Your Partner in the Satellite Industry
The SBCA provides a strong voice to support member businesses in dealing with local zoning and ordinances, homeowner’s associations, and landlords that discriminate against the lawful installation of home satellite antennas.
The public and lawmakers alike have a limited understanding of consumers’ right to home satellite services; strengthening our education efforts with legislators, regulators and local governments are vital to the protection and growth of the satellite industry. As local satellite professionals, we need you to be the industry’s eyes and ears on the ground as you often are the first ones to hear about an issue before it rises to a critical level. Local businesses are important stakeholders in the legislative process as they are made up of voters who are a significant source of jobs and tax revenues.
The satellite industry is a major presence in the pay television market. We can no longer run under the radar. We are being targeted by our competitors and being viewed as a source of tax revenue by state governments. We need your help to take the offensive to advocate our position to sustain satellite industry growth.
Numbers released by DISH Network show that Sling TV's 2.4 million subscribers make it the largest livestreaming service in the US. Sling is also currently the least expensive at $15-$20 cheaper than rivals such as YouTube TV and Hulu with Live TV. TechRadar (UK) (2/13)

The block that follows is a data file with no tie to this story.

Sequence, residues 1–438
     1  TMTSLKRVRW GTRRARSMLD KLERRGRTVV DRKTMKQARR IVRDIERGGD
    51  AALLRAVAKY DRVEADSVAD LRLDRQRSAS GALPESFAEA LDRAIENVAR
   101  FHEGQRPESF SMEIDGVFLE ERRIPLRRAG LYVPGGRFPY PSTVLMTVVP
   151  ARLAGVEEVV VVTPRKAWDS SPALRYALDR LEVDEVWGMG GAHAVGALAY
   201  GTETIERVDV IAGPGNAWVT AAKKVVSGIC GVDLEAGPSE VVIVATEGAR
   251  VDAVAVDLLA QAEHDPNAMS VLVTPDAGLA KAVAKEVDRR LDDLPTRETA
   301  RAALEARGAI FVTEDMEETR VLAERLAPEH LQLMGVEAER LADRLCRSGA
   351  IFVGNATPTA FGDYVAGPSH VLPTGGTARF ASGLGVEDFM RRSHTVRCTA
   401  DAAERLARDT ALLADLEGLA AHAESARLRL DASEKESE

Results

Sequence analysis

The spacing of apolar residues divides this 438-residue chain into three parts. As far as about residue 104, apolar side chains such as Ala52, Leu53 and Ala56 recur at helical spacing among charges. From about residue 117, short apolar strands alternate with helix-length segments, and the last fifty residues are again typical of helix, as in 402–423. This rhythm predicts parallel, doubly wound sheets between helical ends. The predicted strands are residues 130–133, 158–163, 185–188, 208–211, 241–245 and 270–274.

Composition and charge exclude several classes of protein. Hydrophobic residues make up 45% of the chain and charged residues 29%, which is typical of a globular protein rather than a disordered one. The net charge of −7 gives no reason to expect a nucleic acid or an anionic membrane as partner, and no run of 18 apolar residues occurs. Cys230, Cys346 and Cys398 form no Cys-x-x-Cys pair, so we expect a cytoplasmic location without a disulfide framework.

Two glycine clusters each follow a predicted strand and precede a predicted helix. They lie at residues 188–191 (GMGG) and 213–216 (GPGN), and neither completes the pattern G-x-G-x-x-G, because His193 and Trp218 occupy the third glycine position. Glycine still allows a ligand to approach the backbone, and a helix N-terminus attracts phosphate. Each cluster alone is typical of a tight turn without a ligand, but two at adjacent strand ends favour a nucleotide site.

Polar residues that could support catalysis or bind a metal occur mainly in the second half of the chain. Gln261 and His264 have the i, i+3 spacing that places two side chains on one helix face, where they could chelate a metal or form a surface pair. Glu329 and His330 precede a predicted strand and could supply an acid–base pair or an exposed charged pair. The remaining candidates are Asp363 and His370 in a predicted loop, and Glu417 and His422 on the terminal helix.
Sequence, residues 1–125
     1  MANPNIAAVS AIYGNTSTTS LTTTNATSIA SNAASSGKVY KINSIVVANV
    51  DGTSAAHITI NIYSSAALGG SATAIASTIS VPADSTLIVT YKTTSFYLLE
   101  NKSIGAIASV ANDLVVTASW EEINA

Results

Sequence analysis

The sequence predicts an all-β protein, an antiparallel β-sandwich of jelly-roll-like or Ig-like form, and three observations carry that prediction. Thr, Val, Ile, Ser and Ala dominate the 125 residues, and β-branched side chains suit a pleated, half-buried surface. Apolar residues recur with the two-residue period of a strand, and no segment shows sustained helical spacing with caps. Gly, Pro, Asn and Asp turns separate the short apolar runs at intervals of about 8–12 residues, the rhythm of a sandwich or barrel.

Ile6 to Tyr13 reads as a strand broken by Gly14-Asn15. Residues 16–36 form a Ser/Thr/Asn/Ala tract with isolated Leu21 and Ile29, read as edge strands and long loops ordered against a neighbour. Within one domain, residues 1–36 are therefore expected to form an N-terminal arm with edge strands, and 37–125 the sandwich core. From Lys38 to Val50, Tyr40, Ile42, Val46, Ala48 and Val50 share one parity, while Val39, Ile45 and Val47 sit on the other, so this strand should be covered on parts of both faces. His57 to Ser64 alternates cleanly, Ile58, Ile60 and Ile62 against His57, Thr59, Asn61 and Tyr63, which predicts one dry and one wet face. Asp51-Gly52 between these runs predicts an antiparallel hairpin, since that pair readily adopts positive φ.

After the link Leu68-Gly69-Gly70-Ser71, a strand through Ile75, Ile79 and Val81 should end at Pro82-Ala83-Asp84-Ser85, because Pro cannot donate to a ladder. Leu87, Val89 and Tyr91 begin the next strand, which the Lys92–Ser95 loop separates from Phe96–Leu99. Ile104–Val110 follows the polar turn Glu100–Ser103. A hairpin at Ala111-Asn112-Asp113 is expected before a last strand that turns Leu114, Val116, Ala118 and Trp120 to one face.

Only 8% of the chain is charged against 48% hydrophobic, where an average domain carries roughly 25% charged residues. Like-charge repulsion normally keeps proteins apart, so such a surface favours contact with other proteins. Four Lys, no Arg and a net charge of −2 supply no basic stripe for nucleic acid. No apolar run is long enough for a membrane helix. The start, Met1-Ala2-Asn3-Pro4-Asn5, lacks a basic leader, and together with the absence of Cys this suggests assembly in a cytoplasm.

DIRECTV Now customers may soon have the ability to watch a show or movie together even if they are not in the same place. A post from an AT&T employee indicates the company is considering "socialable" viewing. Cord Cutters News (2/14)
DISH Network said it's making progress with the deployment of a network for narrowband IoT, which is estimated to cost between $500 million and $1 billion. Charlie Ergen, the company's chairman, admitted that "there will be a lot of obstacles in the way," but that the plan is on schedule to be complete in March 2020, and that it will meet the Federal Communications Commission's requirements for buildout. Light Reading (2/13)
The Federal Communications Commission has recently granted AT&T permission to conduct experiments using 3400-3600 MHz, 3700-4200 MHz, 28 GHz and a wide variety of other spectrum bands. Tests are due to begin on May 1, with the authorization set to expire on the same date in 2021. FierceWireless (2/14)
Federal regulators on Thursday approved a plan to gradually end Universal Service Fund broadband subsidies in price-cap areas where the incumbent provider declined 2015 funds under the Connect America Fund II. In most areas, competitive carriers bid, although incumbents will continue to operate in regions where the Federal Communications Commission received no winning bids. Telecompetitor (2/14)